http://www.nexusarcana.com/forums/ent...

-Kodai


message 7: by Karina (new)

Karina Kantas As long as the book catches my interest. I'll read it whether it's self published or not.

I'm published both ways. And I'm proud to be a self published author of 4 books.

As long as there are readers that enjoy my work, I'll continue to publish more books.


message 8: by Sarah (new)

Sarah (Workaday Reads) (wrkreads) I read all types: traditionally published, small published and self-published. I do have a special love for self-published. I am hosting a self-published reading challenge this year on my blog. With 28 other people signed up to participate, I know there are definitely others who enjoy reading self-pub too.


message 9: by Everly (new)

Everly Anders | 87 comments Wow, I am so happy to hear how many people enjoy reading self-published work. I moderate a group called "Connecting Readers with Writers" on here, and I have a lot of self-published writers who feel like most readers don't want to give them a try because they are Self-Published. I am going to direct them back to this thread, so they can see that some brave souls really do appreciate them. If you're looking for some new self-published authors to try, or just like connecting with authors, feel free to join the group. We would love to hear from you!


message 10: by Steven (new)

Steven (tbones) | 408 comments I think the people that don't read these books aren't hardcore readers. I'll read everything and I actually have read more indy authors in the past 2 or 3 yrs than I have the best seller list authors. If independents don't make money they could be really awesome authors but could give up and then we lose a talent for future books and movies and that would really suck. I do recommend that self published authors work really hard at editing and proof reading things cause bad spelling, sentence structure, and bland characters with no dimension is like a horrible scratch on a DVD movie.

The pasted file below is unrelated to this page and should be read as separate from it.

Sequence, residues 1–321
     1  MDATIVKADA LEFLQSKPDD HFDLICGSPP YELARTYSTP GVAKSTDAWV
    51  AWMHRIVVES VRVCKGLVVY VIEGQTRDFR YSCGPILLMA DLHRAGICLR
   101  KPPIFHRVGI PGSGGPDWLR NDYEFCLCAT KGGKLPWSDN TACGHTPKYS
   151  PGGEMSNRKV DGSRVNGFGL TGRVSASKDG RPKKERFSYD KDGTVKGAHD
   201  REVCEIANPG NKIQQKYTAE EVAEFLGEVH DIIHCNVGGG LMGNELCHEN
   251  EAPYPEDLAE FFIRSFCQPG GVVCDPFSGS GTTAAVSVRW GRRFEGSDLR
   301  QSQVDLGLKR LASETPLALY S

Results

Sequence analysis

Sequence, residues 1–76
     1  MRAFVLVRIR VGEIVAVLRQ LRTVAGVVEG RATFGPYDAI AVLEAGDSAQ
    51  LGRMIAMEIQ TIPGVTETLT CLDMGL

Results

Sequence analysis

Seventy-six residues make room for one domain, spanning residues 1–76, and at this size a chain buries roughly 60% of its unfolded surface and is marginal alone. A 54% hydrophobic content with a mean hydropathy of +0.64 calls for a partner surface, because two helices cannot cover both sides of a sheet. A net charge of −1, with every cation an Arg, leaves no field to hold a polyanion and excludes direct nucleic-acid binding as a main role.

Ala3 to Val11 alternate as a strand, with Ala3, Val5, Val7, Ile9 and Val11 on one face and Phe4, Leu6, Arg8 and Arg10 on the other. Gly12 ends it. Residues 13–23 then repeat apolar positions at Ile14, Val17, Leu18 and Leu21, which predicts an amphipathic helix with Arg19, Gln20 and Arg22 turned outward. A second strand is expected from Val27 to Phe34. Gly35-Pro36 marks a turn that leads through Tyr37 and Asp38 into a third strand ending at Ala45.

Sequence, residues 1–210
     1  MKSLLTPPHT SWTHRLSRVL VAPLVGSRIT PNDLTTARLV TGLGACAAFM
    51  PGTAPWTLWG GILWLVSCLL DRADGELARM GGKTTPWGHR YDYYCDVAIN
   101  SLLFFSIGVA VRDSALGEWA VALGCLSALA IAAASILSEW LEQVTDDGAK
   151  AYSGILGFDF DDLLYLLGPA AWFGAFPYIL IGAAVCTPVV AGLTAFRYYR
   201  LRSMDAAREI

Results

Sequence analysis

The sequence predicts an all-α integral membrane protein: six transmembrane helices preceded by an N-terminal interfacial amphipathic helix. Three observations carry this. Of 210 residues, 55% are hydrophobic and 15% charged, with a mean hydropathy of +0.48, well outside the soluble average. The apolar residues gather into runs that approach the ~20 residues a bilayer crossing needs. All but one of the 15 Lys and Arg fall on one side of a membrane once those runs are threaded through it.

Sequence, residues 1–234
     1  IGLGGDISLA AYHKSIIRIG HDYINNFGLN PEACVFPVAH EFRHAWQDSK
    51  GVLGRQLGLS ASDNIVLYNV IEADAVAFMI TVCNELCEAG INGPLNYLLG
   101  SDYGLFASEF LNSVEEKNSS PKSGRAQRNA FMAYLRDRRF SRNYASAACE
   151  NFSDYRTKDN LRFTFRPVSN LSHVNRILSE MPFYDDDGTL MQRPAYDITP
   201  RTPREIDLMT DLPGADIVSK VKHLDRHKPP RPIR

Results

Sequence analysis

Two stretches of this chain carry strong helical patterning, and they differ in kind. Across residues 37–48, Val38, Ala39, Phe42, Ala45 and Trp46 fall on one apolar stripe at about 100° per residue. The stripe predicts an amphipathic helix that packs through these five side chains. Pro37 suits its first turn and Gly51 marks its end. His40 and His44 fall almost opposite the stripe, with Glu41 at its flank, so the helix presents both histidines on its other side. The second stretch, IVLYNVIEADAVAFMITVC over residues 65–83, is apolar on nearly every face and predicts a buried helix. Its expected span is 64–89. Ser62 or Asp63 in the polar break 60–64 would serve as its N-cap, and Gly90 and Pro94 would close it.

message 11: by Kodai (last edited Jan 28, 2012 01:15PM) (new)

Kodai Okuda | 32 comments David Rory wrote: "Hi all, Nice thread. It is such a dilemma both as a reader and a writer. I have a few years under my belt and my book list on GR is about one tenth of what I've actually read. In this past fifteen ..."

Agreed Mr. Rory.
Although I make time to read fiction in the genre that I write, I also find that lately I'm reading more and more non-fiction books as I research new material for my own Science Fiction novels.

Guess that just comes with the territory of being a writer.

-Kodai


message 12: by Carrie (new)

Carrie Daws I'm traditionally published, but almost never look at the publisher when I pick out a book. I go almost entirely off the description. It does annoy me, though, when any author presents a book to readers without a good edit. I can't tell you how many times I've put down a book because I'm so distracted by punctuation mistakes, passive writing, or other bad writing.


message 13: by Laura (last edited Jan 29, 2012 04:19PM) (new)

Laura | 3 comments David Rory wrote: "Hi all, Nice thread. It is such a dilemma both as a reader and a writer. I have a few years under my belt and my book list on GR is about one tenth of what I've actually read. In this past fifteen ..."

Good post. There are plenty of good books and stories out there we'll never see because the BIG publishers only touch blockbusters. as I often hear at conferences, "writing is an art, publishing is a business." But since we writers want an audience, we have to work as hard at marketing as the writing.
Laura Moe


message 14: by Boingboing (last edited Jan 29, 2012 07:45PM) (new)

Boingboing | 4 comments A lot depends on presentation. If the blurb is well written and the cover is reasonably well done, I don't usually check to see if a book is self-published before reading a sample. It's the sample + 1 star reviews that will sell a book for me but that sample has to have crisp writing that grabs me by the nose and won't let go. I go for the 1 star reviews and those reviewers who give more insight than "THIS SUKED DON WAIST UR TIEM". I've bought quite a few books based on 1 star reviews because the negatives listed were the very things I liked in a book. Being identified as self-pubbed in negative reviews has no bearing on my decision to pass.